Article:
Thousands of our nation's brightest engineers, mathematicians, and scientists dream of moving to Houston. Why? Does this Texas town have beautiful year-round weather? No. Is the City free of traffic jams and pollution? Hardly. Is this oil and gas hub a recreational or cultural mecca? Nope.
So what could possibly explain Houston's gravitational force, that has the best of the best eager to uproot? Four capital letters-NASA.
NASA's Johnson Space Center in Houston is home to the Astronaut Training Center and Mission Control. Knowing it will invest $600,000 to $1,000,000 in each candidate's first year of training, NASA painstakingly scrutinizes 10,000 applicants every two years to finally select 20 astronaut prospects. Most have "astronomical" I.Q.'s and resumes an inch thick.
Of the 144 cosmonauts currently on NASA's payroll, more than 60% have flown into space and endured the physical demands exacted on the body beyond Earth's atmosphere. Exposure to dangerous levels of radiation, changes in atmospheric pressure, and the loss of gravity all take a toll while in space. It is not unusual for astronauts to grow 2-inches taller, lose 30% of their strength and cardio fitness, and suffer a 20% total-body bone loss. To delay this environmental onslaught, astronauts are encouraged to work out during their mission.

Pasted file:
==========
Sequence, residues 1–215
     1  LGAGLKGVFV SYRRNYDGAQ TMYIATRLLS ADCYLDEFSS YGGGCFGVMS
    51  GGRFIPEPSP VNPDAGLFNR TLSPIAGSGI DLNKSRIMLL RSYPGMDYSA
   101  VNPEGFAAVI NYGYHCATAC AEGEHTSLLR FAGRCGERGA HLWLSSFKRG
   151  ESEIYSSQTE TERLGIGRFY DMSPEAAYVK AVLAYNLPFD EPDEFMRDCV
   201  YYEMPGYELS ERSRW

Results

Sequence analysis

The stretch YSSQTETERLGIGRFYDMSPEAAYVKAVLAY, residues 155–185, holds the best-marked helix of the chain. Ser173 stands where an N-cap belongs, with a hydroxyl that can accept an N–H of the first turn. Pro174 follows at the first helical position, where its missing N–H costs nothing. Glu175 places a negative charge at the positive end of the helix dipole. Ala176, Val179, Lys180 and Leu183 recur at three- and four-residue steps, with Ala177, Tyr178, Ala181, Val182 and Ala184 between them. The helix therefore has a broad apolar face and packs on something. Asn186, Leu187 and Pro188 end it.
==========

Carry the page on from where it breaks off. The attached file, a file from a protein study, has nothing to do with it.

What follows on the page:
En route, space shuttle voyagers stick to their fitness regimen by pedaling on a cycle ergometer (stationary bike). At their destination, the explorers exercise at the most exclusive and private health club in the universe, the International Space Station (ISS). That's right, along with its astronomical and scientific functions; the ISS provides a workout room containing 1 treadmill, 1 cycle ergometer, and a weight training device. Unfortunately no amount of exercise in space will prepare the human body for its homecoming.
Once returning to Earth, cosmonauts commonly suffer debilitating symptoms such as poor balance, lightheadedness, and nausea. Approximately 40% cannot stand for more than 10 minutes without fainting. It takes nearly a month for their human bodies to begin readjusting to our environment.
Hmmm, sounds a little like how we feel after an Ironman triathlon race. Maybe we should apply to NASA-though that I.Q. thing might pose a problem.